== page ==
The Historical Fancy Dress Ball, Ottawa
February 17, 1896

Perpetuating a Stereotype

The final set at the ball was not planned by Lady Aberdeen. Hayter Reed prompted all the guests dressed as Indians to converge in the centre of the room. He made a speech in Cree to the Earl of Aberdeen, while his followers made war-whoops and waved tomahawks.

The picture this group presented had little to do with the reality of aboriginal people, past or contemporary. These "Indian" characters perpetuated stereotypes prevalent at the time. They illustrate white people's romantic fascination with a "noble savage," a brave and proud Indian who was also unruly and violent. Reed, who led this group, was Deputy Superintendent of Indian Affairs, but he evidently endorsed this stereotype for people's amusement in spite of his knowledge of aboriginal people.

The group's antics were described amusingly in newspapers across the country, which only served to further reinforce this one sided view of history. The heroism of the European explorers and settlers represented at the ball was thus bolstered, upholding one of the enduring myths about the Canadian past.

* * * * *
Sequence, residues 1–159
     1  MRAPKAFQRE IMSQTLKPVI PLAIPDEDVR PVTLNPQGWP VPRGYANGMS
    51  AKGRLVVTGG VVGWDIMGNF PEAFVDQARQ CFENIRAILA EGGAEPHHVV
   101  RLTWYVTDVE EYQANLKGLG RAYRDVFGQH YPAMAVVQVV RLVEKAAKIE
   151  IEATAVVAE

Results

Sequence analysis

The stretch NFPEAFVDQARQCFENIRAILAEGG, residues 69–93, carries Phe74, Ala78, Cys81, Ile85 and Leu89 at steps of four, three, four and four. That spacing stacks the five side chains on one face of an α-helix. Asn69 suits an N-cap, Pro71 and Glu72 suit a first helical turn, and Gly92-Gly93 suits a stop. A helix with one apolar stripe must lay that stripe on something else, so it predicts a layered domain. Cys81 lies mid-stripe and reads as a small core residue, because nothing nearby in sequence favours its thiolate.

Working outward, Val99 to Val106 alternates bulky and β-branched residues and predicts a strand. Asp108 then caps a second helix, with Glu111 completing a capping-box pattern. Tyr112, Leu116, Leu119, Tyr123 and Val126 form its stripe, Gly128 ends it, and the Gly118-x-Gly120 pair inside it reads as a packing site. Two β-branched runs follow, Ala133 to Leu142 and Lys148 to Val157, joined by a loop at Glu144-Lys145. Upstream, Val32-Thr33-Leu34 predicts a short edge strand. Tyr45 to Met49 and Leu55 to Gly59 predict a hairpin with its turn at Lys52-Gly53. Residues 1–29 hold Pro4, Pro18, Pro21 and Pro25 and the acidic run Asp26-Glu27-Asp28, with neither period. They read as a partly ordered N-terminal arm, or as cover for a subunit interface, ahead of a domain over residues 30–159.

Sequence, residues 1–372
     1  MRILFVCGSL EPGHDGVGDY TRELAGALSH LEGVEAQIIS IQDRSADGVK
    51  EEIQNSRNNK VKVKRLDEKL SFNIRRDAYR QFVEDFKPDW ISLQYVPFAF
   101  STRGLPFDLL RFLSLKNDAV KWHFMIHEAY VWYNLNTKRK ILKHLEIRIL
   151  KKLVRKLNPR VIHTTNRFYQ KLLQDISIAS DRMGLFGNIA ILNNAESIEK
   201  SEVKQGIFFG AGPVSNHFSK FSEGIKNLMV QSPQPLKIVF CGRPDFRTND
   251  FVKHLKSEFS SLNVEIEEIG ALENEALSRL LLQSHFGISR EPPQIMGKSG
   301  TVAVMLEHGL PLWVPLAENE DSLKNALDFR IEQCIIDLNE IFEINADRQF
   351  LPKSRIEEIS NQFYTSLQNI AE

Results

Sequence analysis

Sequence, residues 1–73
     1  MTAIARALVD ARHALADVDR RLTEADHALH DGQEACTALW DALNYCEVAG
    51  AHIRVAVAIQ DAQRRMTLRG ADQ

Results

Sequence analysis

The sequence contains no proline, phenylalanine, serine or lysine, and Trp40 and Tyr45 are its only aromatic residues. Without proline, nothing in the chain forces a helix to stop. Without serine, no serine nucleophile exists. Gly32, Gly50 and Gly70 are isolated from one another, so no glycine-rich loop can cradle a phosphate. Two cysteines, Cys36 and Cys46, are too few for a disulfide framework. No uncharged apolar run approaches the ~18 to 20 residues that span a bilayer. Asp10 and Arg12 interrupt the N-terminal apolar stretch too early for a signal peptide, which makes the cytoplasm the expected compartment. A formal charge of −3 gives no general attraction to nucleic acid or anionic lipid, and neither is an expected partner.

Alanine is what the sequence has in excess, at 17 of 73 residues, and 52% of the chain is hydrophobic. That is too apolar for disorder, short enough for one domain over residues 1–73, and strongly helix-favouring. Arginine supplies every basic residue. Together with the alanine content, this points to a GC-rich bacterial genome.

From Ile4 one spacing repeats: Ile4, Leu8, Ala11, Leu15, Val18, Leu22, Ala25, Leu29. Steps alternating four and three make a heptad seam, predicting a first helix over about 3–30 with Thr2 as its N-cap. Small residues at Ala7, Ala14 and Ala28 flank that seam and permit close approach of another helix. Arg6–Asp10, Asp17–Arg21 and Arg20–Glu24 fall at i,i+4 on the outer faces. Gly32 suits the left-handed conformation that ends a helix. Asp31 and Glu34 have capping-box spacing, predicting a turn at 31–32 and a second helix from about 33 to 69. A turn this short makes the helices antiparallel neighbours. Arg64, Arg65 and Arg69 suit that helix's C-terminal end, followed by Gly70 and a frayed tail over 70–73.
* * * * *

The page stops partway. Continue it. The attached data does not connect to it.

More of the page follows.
The Indian Group
Those who portrayed sixteeth-century Iroquois wore assemblages of contemporary aboriginal dress and accessories from many different sources. Some wore costumes made of paper.

The Indian Group
Ottawa, 1896
W.J. Topley
National Archives of Canada, C-143408

It may be difficult to understand that what Hayter Reed did was acceptable, even appealing, to Victorian sensibilities, while at the same time acknowledging his behaviour as degrading to aboriginal people. Here are a few insightful comments made by native people upon viewing the photograph of Hayter Reed in Indian costume:

  • Very disrespectful, inappropriate ... Native people are a proud people not to be made fun of. If this was the type of entertainment that the non-native enjoyed, it saddens me ... It gives me a deeper understanding of the insensitive nature of those involved.

    Odjibway Woman, Elder, Ottawa, Ontario

  • The photograph symbolizes how, throughout Canadian history, many people in positions of authority created and perpetuated stereotypes of Aboriginal peoples. Today we are attempting - through public education - to build lasting partnerships between Aboriginal and non-Aboriginal Canadians. This is the way of the future.

    Hon. Jane Stewart, M.P., Minister of Indian Affairs and Northern Development

  • It saddens me to see the message of ignorance that they (the photographs) carry ... and when in ignorance, one makes fun of what they don't understand and fear.

    Running Black Horse Man (Bob Barrett), Plains Cree, Manitoba

  • The clothes are beautiful, but the people are rude to have done this.

    Amikons, 9 years old, Anishnabe, Ottawa, Ontario